Disabled people are a hugely underutilized workforce in the US. More than one in five people in the United States have a disability, but only one-third of working-age disabled people are employed. Employers are losing out on qualified (or even overqualified) candidates and disabled people are losing paychecks due to the stigma and perceptions of what it means to be disabled.
The story of disability inclusion is incomplete. The existing narrative about disability and business has been focused on the need for hiring, retention and career development. While these tactics are incredibly important, and in fact vital for the growth and evolution for full inclusion of persons with disabilities in the workforce, it is now time for C-level executives and management to take more of an active role and cultivate a new narrative to both augment and redefine disability in the larger context of business strategy.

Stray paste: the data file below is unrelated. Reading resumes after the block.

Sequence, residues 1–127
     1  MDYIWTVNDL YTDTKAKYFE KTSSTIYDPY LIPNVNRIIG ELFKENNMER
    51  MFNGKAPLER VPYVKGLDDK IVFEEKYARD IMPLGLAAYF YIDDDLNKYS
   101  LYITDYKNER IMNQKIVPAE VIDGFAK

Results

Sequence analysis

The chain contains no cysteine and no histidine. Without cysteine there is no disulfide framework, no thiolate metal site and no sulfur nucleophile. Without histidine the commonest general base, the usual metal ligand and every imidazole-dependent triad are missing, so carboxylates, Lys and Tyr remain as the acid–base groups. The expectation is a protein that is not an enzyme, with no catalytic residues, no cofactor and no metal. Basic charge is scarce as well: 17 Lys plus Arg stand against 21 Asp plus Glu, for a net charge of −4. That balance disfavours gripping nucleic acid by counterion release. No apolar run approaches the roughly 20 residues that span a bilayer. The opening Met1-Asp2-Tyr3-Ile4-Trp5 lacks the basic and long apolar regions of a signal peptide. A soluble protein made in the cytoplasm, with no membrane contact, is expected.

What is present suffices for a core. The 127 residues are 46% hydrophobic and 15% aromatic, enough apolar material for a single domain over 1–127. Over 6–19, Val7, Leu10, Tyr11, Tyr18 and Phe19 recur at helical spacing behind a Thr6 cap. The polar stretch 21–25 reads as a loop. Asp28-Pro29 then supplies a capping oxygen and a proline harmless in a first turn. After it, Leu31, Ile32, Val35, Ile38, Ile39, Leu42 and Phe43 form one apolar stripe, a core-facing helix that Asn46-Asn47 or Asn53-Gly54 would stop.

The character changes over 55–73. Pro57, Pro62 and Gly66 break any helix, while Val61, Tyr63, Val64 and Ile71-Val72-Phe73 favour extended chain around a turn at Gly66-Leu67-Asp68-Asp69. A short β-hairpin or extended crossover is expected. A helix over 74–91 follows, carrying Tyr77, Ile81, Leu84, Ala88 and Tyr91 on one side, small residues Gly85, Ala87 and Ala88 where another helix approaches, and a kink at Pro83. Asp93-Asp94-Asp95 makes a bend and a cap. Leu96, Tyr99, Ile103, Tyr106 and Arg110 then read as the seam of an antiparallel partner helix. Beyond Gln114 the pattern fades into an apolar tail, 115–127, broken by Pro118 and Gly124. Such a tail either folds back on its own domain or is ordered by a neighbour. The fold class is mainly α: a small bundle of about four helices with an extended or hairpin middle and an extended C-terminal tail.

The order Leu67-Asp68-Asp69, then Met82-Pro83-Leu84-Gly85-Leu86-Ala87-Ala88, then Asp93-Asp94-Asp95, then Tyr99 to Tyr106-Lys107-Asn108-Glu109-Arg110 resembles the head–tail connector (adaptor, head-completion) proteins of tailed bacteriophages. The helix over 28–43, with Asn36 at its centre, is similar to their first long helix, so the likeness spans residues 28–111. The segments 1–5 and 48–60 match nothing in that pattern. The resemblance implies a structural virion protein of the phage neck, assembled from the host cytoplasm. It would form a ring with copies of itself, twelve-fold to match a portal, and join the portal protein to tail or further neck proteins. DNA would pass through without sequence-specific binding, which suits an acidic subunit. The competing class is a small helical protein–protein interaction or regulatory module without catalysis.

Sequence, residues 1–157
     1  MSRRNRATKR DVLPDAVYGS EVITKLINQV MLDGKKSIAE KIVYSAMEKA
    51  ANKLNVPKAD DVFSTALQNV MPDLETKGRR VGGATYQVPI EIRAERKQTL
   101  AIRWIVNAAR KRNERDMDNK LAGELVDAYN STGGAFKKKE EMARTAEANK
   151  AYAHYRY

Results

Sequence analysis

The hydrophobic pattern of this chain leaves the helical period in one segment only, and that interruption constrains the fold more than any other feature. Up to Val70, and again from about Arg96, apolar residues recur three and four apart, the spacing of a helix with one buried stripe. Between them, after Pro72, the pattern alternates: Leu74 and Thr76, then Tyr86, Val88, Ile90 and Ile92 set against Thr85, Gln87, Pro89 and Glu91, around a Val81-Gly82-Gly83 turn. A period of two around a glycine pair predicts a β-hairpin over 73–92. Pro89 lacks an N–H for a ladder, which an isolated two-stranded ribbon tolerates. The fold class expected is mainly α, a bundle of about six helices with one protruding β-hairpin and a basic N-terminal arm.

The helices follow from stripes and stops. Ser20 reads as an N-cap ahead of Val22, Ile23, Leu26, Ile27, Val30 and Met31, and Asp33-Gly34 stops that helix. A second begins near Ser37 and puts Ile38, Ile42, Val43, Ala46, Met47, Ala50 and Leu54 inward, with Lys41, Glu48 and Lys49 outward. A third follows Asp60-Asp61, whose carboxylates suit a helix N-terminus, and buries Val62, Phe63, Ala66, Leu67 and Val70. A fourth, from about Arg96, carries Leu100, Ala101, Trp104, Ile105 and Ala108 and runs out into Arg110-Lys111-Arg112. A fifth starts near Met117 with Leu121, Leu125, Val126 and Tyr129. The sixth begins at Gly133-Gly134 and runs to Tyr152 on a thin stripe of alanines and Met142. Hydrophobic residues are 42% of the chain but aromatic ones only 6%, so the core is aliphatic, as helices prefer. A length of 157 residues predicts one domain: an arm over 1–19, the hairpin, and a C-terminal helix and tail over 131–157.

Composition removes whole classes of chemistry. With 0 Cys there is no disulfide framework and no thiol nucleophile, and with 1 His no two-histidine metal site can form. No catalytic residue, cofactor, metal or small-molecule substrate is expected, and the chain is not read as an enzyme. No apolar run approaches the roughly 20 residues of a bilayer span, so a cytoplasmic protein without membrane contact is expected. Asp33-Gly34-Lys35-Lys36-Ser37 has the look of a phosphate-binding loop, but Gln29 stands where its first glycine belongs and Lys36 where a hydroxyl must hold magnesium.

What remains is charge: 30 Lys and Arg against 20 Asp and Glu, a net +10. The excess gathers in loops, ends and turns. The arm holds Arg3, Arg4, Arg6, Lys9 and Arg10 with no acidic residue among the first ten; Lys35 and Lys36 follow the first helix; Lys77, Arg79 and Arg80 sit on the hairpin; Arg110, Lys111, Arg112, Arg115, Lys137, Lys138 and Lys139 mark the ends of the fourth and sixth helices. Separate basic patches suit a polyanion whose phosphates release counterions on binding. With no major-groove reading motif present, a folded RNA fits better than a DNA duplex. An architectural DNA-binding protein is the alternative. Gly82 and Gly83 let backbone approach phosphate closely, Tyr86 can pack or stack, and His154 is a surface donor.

A pilot project in several large cities and provinces will allow seniors who need medical care to request home nursing services through the Internet. The service is likely to develop quickly to meet the huge demand from China’s rapidly aging population, according to a plan released by the country’s top health authority.
The disabled community can now make use of the new Disabled Leaders Training Centre in SS2, Petaling Jaya. The new three-storey building, which also serves as the new headquarters of the Beautiful Gate Foundation for the Disabled, is equipped with a physical therapy room, classrooms, counselling rooms, dormitories, multipurpose hall and wheelchair-friendly kitchen.
Nicolas Hamilton, half-brother of five-times Formula One world champion Lewis, is back on the racetrack and keen to set the record straight. The 26-year-old, who has overcome cerebral palsy to establish himself as a disabled racer, is set for a full season in the British Touring Car Championship (BTCC) and feels he deserves some credit.